The market for vaccinations is widely believed to be characterized by market failures, because individuals do not internalize the positive externalities that their vaccination decisions may confer on other individuals. Francis (1997) provided a set of assumptions under which the equilibrium vaccination pattern is socially optimal. We show that his conditions are not necessary for the welfare theorem to hold but that in general, the market yields inefficiently low vaccination uptake. Equilibrium non-optimality may obtain if (i) agents can recover from infection, (ii) vaccines are imperfect, (iii) individuals are ex ante heterogeneous, (iv) vaccination timing is inflexible or (v) the planning horizon is finite. Apart from the case with heterogeneity, inefficiencies result from the presence of strategic interaction.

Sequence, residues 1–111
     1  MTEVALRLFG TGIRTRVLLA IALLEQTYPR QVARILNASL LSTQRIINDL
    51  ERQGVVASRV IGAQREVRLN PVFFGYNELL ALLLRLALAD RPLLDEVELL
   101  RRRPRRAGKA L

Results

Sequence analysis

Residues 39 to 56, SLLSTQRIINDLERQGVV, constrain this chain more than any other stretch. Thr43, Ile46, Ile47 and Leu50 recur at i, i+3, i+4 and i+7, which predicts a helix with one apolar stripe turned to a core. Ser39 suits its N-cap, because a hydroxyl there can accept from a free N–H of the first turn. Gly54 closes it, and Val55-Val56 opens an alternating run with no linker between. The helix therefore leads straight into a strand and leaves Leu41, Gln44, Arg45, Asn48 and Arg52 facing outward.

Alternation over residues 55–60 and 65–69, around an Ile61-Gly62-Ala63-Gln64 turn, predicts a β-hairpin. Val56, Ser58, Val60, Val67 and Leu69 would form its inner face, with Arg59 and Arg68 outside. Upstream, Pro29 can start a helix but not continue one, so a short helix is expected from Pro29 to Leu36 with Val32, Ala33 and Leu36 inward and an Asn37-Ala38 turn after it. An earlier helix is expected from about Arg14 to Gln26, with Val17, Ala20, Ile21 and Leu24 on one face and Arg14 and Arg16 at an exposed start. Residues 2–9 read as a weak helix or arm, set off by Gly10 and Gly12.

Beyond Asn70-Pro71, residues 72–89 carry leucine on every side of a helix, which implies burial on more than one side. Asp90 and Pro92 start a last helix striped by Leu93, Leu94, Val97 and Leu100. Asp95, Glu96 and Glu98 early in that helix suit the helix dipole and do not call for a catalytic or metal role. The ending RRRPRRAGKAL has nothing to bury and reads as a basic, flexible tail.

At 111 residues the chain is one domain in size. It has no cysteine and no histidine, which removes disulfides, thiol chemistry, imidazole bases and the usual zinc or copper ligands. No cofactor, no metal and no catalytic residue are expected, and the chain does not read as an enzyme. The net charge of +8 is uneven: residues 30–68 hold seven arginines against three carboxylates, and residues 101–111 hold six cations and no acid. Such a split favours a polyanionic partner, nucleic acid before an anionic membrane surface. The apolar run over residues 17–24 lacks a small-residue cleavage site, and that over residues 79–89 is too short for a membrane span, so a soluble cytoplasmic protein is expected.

Keywords: Economic epidemiology; Equilibrium vaccination; Externalities; Optimal vaccination.
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